June 2015
Volume 56, Issue 7
Free
ARVO Annual Meeting Abstract  |   June 2015
Do different mechanisms mediate contour interaction and crowding in the fovea and visual periphery?
Author Affiliations & Notes
  • Stephanie Marie Marten-Ellis
    College of Optometry, University of Houston, Houston, TX
  • Harold E Bedell
    College of Optometry, University of Houston, Houston, TX
  • Footnotes
    Commercial Relationships Stephanie Marten-Ellis, None; Harold Bedell, None
  • Footnotes
    Support None
Investigative Ophthalmology & Visual Science June 2015, Vol.56, 2213. doi:
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      Stephanie Marie Marten-Ellis, Harold E Bedell; Do different mechanisms mediate contour interaction and crowding in the fovea and visual periphery?. Invest. Ophthalmol. Vis. Sci. 2015;56(7 ):2213.

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      © ARVO (1962-2015); The Authors (2016-present)

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Abstract

Purpose: To compare the influence of nearby flanking lines (contour interaction) and flanking letters (crowding) on the identification of foveal and peripheral letters at different luminances.

Methods: Single Sloan letters were presented at the fovea or at 5 deg in the inferior visual field, with and without 4 flanking bars or flanking letters placed symmetrically to the right, left, above and below the target letter. Background luminance was either 200 or 0.5 cd/sq.m. For each combination of eccentricity and background luminance, letter size was adjusted to produce 80 - 90% correct identification when the flanking targets were absent. Percent correct letter identification was then determined for 5 to 8 edge-to-edge separations between the flankers and Sloan letters in 2 normal observers. The bar flankers subtended 1 x 5 letter-stroke widths and the letter flankers had the same dimensions as the letter targets.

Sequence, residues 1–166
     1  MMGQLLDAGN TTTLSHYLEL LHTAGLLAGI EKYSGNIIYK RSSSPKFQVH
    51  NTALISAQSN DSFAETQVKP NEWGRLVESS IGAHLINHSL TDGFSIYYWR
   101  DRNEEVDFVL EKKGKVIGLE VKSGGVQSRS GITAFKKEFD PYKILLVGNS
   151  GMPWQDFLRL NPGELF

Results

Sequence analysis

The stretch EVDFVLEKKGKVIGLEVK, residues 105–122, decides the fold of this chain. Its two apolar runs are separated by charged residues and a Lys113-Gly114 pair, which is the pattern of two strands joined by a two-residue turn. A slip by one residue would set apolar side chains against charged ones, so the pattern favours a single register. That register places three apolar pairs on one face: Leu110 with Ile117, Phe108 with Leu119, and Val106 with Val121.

Results: At the fovea, the extent of interaction (the maximum target-to-flanker separation that influenced performance) was approximately 3 - 4 min arc for both bar and letter flankers. The magnitude of interaction (the maximum reduction of percent correct letter identification) also was similar for both types of flankers, but decreased dramatically at low compared to high background luminance. At 5 deg in the inferior field, the extent of contour interaction for bar flankers was approximately 4 times smaller than the extent of crowding for letter flankers. Reducing background luminance had no effect on either the extent or the magnitude of peripheral contour interaction or crowding.

Conclusions: At the fovea, bar and letter flanking targets interfere with letter recognition based on the same luminance-dependent mechanism. In the periphery, contour interaction and crowding are independent of background luminance but flanking bars impair identification much less strongly than flanking letters. The results suggest that flanking targets influence foveal and peripheral letter identification by different mechanisms.

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